VICTORIA - Three Victoria McDonald's restaurants were put on a federal blacklist Monday for alleged abuses of the Temporary Foreign Worker Program, prompting the fast food chain to move quickly to cut ties with the franchise owner.
Federal Employment Minister Jason Kenney also suggested criminal charges could result against the owner if he lied on the original application to employ temporary foreign workers.
"I suspended both the labour market opinions and the work permits that that employer has been using pending the outcome of the investigation," said Kenney. "And we've blacklisted that employer as well as two others that we believe have abused the program."
Kenney said penalties for such a prosecution include up to five years in prison and fines reaching $100,000.
The Canada Border Services Agency could lay charges under the Immigration Act, he said.
The two other employers cited for alleged foreign worker program abuses are The Boathouse Restaurant in Fenelon Falls, Ont., and Jungle Jim's Restaurant in Labrador City, N.L., Employment and Social Development Canada said in a statement.
The Temporary Foreign Worker Program has been under increased scrutiny after it was revealed companies were bringing in large numbers of foreign workers, which critics claimed were displacing Canadian workers.
The Harper government has since backtracked on changes it made to the program, including allowing businesses to pay foreign workers up to 15 per cent less than the average wage for a job.
The government also announced earlier this year that it planned to impose hefty penalties by 2015 for employers who abuse the program.
McDonald's Western Canada spokesman John Gibson said the restaurant chain has had a pristine record until now when it comes to employing temporary foreign workers. He said moves are already underway to remove the current Victoria franchise owner and run the three franchises through head office.
Gibson said most McDonald's franchises are operated on an 80-per-cent franchisee-owned and 20-per-cent company-owned basis, but the three downtown Victoria outlets will now be 100-per-cent McDonald's operated.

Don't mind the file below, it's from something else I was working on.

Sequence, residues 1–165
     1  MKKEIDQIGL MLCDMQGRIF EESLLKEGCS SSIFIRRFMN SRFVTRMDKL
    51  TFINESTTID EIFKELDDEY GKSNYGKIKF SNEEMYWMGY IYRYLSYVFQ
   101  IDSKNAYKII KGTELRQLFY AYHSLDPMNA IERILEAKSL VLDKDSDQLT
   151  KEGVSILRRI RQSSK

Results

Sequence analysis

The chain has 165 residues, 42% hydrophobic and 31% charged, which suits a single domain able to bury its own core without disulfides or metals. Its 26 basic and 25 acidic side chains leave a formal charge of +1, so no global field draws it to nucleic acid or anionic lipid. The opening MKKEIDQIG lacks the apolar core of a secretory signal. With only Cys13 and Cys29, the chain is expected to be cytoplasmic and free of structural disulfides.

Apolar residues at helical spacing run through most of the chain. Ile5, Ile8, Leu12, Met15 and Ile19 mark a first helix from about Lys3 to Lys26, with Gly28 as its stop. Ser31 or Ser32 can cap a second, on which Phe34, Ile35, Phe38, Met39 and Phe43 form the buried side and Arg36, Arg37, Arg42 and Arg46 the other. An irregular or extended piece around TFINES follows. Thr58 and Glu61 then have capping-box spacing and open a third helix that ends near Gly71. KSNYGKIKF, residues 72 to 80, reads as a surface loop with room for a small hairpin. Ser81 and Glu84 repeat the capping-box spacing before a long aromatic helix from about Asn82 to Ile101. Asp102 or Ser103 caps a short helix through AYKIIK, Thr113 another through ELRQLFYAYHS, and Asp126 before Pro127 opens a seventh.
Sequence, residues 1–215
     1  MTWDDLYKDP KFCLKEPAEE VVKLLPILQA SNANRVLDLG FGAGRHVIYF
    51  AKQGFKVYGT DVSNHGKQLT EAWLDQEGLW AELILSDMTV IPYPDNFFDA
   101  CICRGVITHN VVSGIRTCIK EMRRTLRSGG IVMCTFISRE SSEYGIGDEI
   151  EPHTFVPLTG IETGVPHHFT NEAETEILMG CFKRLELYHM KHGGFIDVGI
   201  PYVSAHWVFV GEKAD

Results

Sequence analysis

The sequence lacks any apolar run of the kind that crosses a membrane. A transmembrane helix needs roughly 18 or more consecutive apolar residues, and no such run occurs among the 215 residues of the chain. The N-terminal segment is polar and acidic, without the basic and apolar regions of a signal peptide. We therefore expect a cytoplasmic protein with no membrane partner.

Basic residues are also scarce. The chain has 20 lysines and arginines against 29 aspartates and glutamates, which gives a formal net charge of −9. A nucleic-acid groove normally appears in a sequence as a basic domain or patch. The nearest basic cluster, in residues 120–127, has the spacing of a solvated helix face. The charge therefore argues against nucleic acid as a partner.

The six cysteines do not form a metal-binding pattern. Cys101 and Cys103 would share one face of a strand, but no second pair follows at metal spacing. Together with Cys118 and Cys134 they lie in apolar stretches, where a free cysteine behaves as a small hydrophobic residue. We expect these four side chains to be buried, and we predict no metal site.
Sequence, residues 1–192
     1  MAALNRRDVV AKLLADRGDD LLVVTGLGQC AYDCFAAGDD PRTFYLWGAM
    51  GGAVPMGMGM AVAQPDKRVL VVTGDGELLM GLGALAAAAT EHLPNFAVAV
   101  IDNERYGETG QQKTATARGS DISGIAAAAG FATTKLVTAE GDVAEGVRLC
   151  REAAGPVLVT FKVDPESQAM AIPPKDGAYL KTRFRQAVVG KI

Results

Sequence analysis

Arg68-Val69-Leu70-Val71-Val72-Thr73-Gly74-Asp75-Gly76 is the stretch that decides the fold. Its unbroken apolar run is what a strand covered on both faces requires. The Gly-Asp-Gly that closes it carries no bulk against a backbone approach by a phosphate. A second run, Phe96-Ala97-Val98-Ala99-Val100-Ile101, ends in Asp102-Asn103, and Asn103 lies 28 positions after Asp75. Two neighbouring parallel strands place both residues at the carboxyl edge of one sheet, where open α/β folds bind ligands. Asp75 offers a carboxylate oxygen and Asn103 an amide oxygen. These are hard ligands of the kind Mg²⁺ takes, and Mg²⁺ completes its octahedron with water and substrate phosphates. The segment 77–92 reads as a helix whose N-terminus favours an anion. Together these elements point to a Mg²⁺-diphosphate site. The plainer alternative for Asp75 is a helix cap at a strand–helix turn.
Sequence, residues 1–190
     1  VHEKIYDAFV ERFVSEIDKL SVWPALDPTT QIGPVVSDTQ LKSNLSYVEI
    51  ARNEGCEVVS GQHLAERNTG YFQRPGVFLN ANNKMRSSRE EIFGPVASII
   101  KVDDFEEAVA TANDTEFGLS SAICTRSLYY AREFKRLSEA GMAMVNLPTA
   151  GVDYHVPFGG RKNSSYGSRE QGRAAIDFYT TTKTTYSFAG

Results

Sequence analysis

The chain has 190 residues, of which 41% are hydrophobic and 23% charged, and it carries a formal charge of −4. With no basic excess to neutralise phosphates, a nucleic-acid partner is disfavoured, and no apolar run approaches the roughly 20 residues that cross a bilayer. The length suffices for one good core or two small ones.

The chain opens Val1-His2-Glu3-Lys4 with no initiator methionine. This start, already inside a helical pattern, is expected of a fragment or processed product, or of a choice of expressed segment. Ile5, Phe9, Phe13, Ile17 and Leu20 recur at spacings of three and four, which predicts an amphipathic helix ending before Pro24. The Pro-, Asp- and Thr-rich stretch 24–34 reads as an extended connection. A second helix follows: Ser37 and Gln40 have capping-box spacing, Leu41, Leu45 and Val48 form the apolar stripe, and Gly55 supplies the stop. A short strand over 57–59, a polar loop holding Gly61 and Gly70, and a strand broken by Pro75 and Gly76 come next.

He said the three restaurants will remain open.
"We are in the process of taking ownership back," said Gibson. "It's basically new ownership taking over and that new ownership would be McDonald's Restaurants of Canada."
He said the future employment status of the temporary Victoria workers would involve the federal government, but Gibson suggested at the moments there will be "no changes in the short-term."
A woman who answered the telephone at Nasib Services Inc., in Victoria, identified by Employment and Social Development Canada as the McDonald's franchise owner in Victoria, hung up when a reporter called.
Statistics provided by McDonald's stated there are 155 employees at the three Victoria restaurants. There are 129 domestic employees and 26 foreign workers at the three outlets.
In British Columbia, McDonald's employs 343 temporary workers, less than four per cent of the chain's B.C. workforce. McDonald's stated that of the more than 85,000 people working at their restaurants across Canada, about 3,400, or four per cent of their total workforce, are temporary foreign workers.
McDonald's said in a statement that its goal is always to hire local workers first. McDonald's stated it plans to hire 6,100 new employees this year.
B.C.'s Jobs Ministry Shirley Bond said there are about 75,000 temporary foreign workers employed in the province, with about 3,100 of those are employed in the restaurant industry.
Bond said she supported the federal government's swift action with regards to the Victoria McDonald's restaurants.
"There should be no abuse of the Temporary Foreign Worker Program and if there is there needs to be consequences applied very quickly," she said. "I think that's what Jason Kenney did today."
Ian Tostenson, B.C. Restaurant and Food Services Association president, said a growing worker shortage in B.C., despite double-digit unemployment among young people, has restaurants seeking skilled food services workers elsewhere, especially those with cooking skills.
But Tostenson said there can be no tolerance for abuse among restaurant owners.
"We're not in the business of getting into trouble," he said. "Treating the people who work for you the right way and responsibly is key. If you've got a bunch of disgruntled people that doesn't work so well."
Some estimates suggest the number of temporary workers in Canada doubled in seven years to about 340,000 as of December 2012. The biggest growth came in the years following the 2008-09 recession, when hundreds of thousands of Canadians were out of work.